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    Early Roman History

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    Please explain to me why it was so difficult for Rome, which had a city-state constitution, to run an empire?

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    Please see response attached. I hope this helps and take care.

    1. Please explain to me why it was so difficult for Rome, which had a city-state constitution, to run an empire?

    The beginning of the empire is marked to the date of the battle of Actium (B.C. 31), because Octavius then became the sole and undisputed master of the Roman world. But it is not so important for us to fix upon a particular date for the beginning of the empire, as it is to see that some form of imperialism had come to be a necessity. During the whole period of the civil wars, there was the gradual growth of the one-man power. It was seen in the tribunate under the Gracchi; in the successive consulships of Marius; in the perpetual dictatorship of Sulla; in the sole consulship of Pompey; in the absolute rule of Julius Caesar. The Romans hated the name of "king," mainly because it brought to mind the memory of the last Tarquin. However, the principle of monarchy prevailed because they had found no efficient form of government to take its place. The aristocratic government under the senate had proved corrupt, inefficient, and disastrous to the people. A popular government without representation had been unmanageable. Thus, there was nothing left for the Romans to do except to establish some form of monarchy which would not suggest the hated name of king. (1)

    The Empire prospered under Augustus. Augustus lived to the age of seventy-five; and his reign covered a period of forty-five years. During this time he had been performing "the difficult part of ruling without appearing to rule, of being at once the autocrat of the civilized world and the first citizen of a free commonwealth." His last words are said to have been, "Have I not played my part well?" But it is not necessary for us to suppose that Augustus was a mere actor. The part which he had to perform in restoring peace to the world was a great and difficult task. In the midst of conflicting views, which had distracted the republic for a century, he was called upon to perform a work of reconciliation. And it is doubtful whether any political leader ever performed such a work with greater success. When he became the supreme ruler of Rome he was fully equal to the place, and brought order out of confusion. He was content with the substance of power and indifferent to its form. Although not as great as Julius Caesar, he was more successful. He was one of the greatest examples of what we may call the "conservative reformer," a man who accomplishes the work of regeneration without destroying existing institutions. (2)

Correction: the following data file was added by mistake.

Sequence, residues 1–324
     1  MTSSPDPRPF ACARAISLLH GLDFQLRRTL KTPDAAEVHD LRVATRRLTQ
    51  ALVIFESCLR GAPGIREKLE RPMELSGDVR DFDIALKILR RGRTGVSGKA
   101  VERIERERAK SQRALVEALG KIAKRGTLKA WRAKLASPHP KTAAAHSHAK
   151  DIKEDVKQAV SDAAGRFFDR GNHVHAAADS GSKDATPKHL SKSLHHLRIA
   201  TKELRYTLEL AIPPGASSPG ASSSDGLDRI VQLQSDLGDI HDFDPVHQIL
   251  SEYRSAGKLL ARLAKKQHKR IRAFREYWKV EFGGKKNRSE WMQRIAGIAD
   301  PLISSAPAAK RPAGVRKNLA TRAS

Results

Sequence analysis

Period following Augustus saw a weakening of the empire. If we review the condition of the Roman world since the time of Augustus, the fall of the republic and the establishment of the empire was a great benefit to Rome. In place of a century of civil wars and discord, which closed the republic, we see more than two centuries of internal peace and tranquillity. Instead of an oppressive and avaricious treatment of the provincials, we see a treatment, which is with few exceptions mild and generous. Instead of a government controlled by a proud and selfish oligarchy, we see a government controlled, generally speaking, by a wise and patriotic prince. From the accession of Augustus to the death of Marcus Aurelius (B.C. 31—A.D. 180), a period of two hundred and eleven years, only three emperors who held power for any length of time—Tiberius, Nero, and Domitian—are known as tyrants; and their cruelty was confined almost entirely to the city, and to their own personal enemies. From this author's perspective, then, the establishment of the empire, we must therefore believe, marked a stage of progress and not of decline in the history of the Roman people. (2)

    So, why was it so difficult for Rome, which had a city-state constitution, to run an empire? Let's look at some of the main reasons below:
    1. Moral Decay. But in spite of the fact that the empire met the needs of the people better than the old aristocratic republic, it yet contained many elements of weakness, The Roman people themselves possessed the frailties of human nature, and the imperial government was not without the imperfection of all human institutions. The decay of religion and morality among the people was a fundamental cause of their weakness and ruin. If we were asked what were the symptoms of this moral decay, we should answer: the selfishness of classes; the accumulation of wealth, not as the fruit of legitimate industry, but as the spoils of war an of cupidity; ...

    Solution Summary

    This solution explains why it was so difficult for Rome, which had a city-state constitution, to run an empire, References are provided.

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